The Feed-in-Tariff lets customers save and even earn money by installing renewable energy technologies, but how have recent government cuts affected the scheme?
The Feed In Tariff scheme or FITs was first introduced to the UK in April 2010 as a replacement for government grants that encouraged homes and businesses to install renewable energy generating technologies. Under the FITs, domestic customers as well as SME’s are able to reduce their energy bills and in some cases even make money by installing renewable energy generators such as solar panels, wind turbines and anaerobic digesters. But due to recent government cuts that have come into place since the scheme was first introduced, many homes and businesses are finding that the scheme may not be able to offer all that was first promised.
So how does the FITs scheme work? The government initiated scheme requires Licenced Energy Providers to pay a generation tariff as well as an export tariff to homes and businesses that use renewable energy generators that output anywhere between 50kWs and 5MWs of energy. Depending on the energy provider, customers will then receive a set payment each month simply for generating their own electricity. This payment is the same regardless of how much energy the customer uses.
On top of that there is an export tariff, which is currently set at a price of 4.64p per megawatt. Customers will receive this amount for every megawatt of energy that they generate that gets sent back into the grid. This means that if they produce more energy than they use on a monthly basis, not only will they effectively get free energy, they will also make money on the energy that they produce.
The scheme has made it more viable for households to install renewable and low carbon technologies such as solar panels in their homes as although the technologies can often be expensive to install, these costs are offset by the savings and in some cases, profits that can be gained in the long term. Some companies have even turned the FITs to their advantage, offering to install solar panels and other such systems for free in return for a portion of the tariff payments.
This led to many homes and businesses installing solar panels when the scheme was first launched, in the hope of capitalising on the potential profits. Unfortunately, however, many people found that the lucrative returns were short lived when in 2011 the government announced that the generation tariff would be cut from 43.3p per kilowatt to 21p per kilowatt. Since then it has dropped even further to 16p. The government cited the fact that solar panels had become much cheaper to produce and install, resulting in many householders making excessive returns as the reason for the cuts. The cuts had a disastrous impact for many solar panel companies who had enjoyed a boom in business when the FITs was first introduced, as the sudden drop in business caused many to go bust. Since then many companies have sued the government, after they were ruled “legally flawed” in the high court.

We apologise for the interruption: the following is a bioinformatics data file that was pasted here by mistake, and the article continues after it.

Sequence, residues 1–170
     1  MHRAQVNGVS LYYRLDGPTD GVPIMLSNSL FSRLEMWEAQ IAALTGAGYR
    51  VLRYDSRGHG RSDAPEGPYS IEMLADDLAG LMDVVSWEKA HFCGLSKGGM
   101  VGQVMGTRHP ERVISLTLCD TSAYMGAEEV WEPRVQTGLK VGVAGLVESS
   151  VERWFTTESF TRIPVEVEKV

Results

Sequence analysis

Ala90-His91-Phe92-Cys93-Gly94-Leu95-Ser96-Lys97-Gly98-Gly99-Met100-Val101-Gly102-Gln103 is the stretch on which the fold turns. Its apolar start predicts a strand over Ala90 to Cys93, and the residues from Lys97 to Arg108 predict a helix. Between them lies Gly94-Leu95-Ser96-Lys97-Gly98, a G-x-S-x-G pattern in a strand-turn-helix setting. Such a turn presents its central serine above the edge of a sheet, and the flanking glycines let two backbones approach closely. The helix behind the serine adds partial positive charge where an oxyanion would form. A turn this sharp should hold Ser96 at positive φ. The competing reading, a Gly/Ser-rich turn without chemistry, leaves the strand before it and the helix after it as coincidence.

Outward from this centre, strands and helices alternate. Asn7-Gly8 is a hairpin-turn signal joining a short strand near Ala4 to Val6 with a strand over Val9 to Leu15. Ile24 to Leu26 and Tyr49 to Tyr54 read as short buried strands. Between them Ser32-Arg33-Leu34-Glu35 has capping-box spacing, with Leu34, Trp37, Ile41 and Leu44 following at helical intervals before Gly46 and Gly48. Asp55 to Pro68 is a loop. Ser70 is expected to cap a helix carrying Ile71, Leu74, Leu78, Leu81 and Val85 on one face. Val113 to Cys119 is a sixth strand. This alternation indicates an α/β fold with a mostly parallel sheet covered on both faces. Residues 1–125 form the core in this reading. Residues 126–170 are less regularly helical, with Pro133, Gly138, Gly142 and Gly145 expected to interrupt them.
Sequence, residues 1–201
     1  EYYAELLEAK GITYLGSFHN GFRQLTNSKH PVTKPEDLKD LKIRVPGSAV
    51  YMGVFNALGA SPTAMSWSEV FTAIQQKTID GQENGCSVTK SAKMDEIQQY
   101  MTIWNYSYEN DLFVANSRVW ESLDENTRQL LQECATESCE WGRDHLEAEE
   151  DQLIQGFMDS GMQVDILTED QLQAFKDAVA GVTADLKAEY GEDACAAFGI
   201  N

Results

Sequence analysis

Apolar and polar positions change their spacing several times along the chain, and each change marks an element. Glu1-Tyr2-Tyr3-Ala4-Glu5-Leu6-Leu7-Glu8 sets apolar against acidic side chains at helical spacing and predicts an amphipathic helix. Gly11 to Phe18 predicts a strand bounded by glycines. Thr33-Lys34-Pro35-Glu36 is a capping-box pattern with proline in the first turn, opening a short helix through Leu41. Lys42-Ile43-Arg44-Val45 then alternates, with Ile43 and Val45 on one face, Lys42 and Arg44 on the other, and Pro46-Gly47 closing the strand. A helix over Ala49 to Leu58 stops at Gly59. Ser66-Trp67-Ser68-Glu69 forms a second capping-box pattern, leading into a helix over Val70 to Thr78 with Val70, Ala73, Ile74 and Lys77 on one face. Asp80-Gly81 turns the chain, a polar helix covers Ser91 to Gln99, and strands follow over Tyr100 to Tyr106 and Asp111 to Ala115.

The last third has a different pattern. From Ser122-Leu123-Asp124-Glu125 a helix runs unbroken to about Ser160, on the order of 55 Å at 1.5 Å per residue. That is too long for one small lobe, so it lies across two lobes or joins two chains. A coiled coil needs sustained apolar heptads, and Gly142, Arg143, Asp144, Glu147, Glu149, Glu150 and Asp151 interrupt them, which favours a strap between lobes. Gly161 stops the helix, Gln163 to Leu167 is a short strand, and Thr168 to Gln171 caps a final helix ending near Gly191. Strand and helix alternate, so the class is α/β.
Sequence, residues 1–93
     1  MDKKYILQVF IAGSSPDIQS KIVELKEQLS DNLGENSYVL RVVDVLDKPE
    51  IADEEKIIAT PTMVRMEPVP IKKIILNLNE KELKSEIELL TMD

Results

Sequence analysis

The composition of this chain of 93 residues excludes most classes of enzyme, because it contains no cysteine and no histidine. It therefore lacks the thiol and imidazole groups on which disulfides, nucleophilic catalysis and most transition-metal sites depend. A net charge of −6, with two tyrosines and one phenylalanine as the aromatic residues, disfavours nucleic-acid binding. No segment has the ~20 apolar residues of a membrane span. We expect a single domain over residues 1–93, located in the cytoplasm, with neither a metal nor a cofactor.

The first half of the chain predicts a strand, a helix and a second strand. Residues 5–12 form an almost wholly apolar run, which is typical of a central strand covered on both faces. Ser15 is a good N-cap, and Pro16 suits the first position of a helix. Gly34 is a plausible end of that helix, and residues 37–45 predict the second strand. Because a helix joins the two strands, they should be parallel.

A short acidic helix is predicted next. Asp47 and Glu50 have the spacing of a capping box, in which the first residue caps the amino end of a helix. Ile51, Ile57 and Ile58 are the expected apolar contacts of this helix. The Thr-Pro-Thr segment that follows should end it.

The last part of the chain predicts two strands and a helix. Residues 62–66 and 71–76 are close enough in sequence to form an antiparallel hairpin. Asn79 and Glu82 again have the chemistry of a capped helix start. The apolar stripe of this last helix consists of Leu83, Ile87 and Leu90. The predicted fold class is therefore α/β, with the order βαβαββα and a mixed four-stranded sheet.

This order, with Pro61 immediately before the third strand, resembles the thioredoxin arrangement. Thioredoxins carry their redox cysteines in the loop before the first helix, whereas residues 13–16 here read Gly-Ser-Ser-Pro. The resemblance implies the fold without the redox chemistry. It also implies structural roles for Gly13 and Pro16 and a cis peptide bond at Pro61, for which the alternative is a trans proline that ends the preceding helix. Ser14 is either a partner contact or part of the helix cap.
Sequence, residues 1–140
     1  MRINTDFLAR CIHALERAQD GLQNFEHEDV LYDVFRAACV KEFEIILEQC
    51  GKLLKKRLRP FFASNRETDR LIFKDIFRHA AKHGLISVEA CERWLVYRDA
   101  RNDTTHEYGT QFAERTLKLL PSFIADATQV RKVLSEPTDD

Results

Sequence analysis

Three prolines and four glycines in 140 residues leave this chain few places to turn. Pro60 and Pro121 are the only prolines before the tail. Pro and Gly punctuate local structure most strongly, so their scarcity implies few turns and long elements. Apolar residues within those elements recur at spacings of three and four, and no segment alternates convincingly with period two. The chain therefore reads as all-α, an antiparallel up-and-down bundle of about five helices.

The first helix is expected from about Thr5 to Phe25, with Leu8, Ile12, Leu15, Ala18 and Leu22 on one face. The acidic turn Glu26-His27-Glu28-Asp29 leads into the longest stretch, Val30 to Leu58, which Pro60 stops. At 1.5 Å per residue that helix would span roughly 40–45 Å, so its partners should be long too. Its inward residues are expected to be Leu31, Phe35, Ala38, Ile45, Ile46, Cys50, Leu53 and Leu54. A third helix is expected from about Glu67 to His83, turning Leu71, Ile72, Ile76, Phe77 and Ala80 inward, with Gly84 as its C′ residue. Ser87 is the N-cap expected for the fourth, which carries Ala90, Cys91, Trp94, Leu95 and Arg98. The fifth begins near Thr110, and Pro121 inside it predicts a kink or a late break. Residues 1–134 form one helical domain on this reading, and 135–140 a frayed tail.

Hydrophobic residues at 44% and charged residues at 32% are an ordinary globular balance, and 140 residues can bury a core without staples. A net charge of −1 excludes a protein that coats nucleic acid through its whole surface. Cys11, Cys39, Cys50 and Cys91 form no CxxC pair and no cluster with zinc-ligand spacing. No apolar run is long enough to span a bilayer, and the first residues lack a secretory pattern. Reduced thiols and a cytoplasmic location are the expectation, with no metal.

But despite the government cuts making the Feed-in-Tariff perhaps not as appealing as when it was first introduced, it is still an extremely viable measure for encouraging home owners and the switch to more renewable energy sources. Although the opportunity for high returns may not be as promising as it once was, many people still continue to install solar panels and other technologies in their homes in return for cheaper energy bills.
The recent record levels of sunshine that occurred in the summer of 2013 have led to record levels of solar energy being produced, meaning that even after the cuts, people have seen promising returns on their generation and export tariffs. Despite the dip in installations that occurred immediately after the cuts were introduced in 2012, this year the number of homes installing renewable energy technologies has again risen now that the market has stabilised, with the current number of homes and companies with solar panels being at around 370,000 and rising.
With careful research using energy comparison sites, customers are able to find the best providers and tariffs that will work best for them depending on the way they use their energy, so despite the fact that there are still obvious uncertainties surrounding the Feed-in-Tariff scheme people should not be put off when considering installing renewable and low carbon options.